Because Owning And Flying Your Beechcraft Can Be Done Safely AND For Less Money!
  Beechcraft Fuel Sensor Mysteries Revealed




The above picture is the typical Beechcraft fuel level sensor removed from the wing. Most Bonanza/Baron aircraft are configured with an OUTER level sensor that deals with about the first half of the tank and then an INNER sensor that deals with the second or bottom half of the tank level.






Here is what you will see when you open the sensor up. It is nothing more than a wire wound resistor, like a rheostat that is used to change the resistance in the circuit. The fuel gauges are essentially voltmeters measuring the drop in voltage caused by the change in resistance as the sensor moves up and down on the wire wound resistor element.



The problem creeps in when this wire wound resistor develops corrosion or a break in the wiring. Many owners have found good results in restoring accurate gauge readings by disassembling their sensors and giving them a good cleaning with fine sandpaper and/or contact cleaner solvent.


There is no seal on the sensor housing, it functions immersed in the tank. Since the resistor is

grounded, the resistance to ground is reduced by the slider.  There is always a constant path to ground so there is NO arcing.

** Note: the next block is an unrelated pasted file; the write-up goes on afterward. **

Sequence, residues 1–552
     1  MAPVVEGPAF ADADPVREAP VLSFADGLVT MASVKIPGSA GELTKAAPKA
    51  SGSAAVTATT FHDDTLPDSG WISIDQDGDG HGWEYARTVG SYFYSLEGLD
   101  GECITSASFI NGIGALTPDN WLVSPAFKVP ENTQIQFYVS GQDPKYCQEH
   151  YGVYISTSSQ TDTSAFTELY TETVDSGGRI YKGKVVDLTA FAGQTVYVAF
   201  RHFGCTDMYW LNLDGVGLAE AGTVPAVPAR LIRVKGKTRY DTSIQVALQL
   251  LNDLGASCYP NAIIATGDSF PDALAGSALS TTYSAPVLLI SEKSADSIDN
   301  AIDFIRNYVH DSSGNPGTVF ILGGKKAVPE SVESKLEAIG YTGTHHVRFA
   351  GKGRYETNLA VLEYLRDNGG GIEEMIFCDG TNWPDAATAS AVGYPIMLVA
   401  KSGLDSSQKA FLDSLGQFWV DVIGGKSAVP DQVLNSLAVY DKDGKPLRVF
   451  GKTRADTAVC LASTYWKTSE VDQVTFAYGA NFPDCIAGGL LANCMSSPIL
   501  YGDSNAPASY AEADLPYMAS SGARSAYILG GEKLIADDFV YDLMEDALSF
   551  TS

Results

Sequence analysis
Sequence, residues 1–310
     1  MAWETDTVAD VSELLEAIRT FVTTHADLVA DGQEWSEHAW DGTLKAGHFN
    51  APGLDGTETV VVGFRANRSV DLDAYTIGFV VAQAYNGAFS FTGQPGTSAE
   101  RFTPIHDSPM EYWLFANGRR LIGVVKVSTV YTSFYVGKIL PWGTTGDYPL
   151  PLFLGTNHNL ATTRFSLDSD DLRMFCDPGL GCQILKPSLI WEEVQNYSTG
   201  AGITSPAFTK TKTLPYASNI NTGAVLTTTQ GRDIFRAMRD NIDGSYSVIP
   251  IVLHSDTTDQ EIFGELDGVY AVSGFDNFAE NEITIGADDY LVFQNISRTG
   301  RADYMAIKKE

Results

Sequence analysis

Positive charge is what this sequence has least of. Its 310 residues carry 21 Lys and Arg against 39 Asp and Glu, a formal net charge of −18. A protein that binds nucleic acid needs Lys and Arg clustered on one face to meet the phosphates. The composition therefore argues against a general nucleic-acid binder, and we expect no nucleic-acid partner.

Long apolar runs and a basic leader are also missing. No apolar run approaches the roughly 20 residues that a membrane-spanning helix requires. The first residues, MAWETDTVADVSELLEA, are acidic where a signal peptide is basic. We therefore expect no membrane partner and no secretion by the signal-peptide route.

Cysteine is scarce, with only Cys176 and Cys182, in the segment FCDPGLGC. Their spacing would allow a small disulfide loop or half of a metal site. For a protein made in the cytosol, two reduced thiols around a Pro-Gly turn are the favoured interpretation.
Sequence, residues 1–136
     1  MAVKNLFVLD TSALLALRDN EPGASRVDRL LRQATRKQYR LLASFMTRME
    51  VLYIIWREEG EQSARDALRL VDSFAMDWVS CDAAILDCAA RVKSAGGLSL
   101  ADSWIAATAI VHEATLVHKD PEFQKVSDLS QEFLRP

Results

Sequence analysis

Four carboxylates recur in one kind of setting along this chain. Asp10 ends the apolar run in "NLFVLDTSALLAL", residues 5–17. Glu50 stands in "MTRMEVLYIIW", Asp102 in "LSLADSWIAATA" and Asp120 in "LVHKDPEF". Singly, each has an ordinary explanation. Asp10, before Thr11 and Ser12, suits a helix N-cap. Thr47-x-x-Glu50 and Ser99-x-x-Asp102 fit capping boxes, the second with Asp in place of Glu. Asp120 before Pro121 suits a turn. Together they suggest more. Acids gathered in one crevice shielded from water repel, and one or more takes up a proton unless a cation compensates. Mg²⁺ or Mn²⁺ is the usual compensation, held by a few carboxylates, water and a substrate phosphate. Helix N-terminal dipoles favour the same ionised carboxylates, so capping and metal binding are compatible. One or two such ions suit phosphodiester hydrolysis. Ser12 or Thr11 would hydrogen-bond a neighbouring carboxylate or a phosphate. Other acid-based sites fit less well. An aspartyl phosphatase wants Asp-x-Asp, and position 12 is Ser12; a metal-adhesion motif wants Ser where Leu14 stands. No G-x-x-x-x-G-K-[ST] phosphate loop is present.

There is play in the shaft to bushing interface. Air containing dust and normal pollutants enters the tank through the vents as fuel is displaced. These contaminants over the decades are believed to cause the corrosion and coating of the wire wound resistor that results in erratic or no readings at all from that particular sensor.


The fuel gauge system wiring varied greatly over the years depending on SN. So please research the wiring diagram from your shop manual for your particular serial number.


Do you have fuel gauge "modules" with adjusting pots on the back of them? Suspect problems there? Check with Beech Talker Hyland Lyle to rent or buy his "tester" for your gauges. His tester instructions and contact info are HERE


Hyland's tester is used on:


F33A E772 & up


V35B D10120 & up


A36TC EA1-EA272


F33C CJ149 & up


A36 E1111-E2110


B36TC EA273-EA319 EA321-EA388


See Birks Aviation for detailed info on the in cockpit fuel gauge "modules" and their replacement modules.



Pictures courtesy of Beechcraft owner, David T.


See a few great sources of fuel gauge repairs and overhauls HERE


web statistics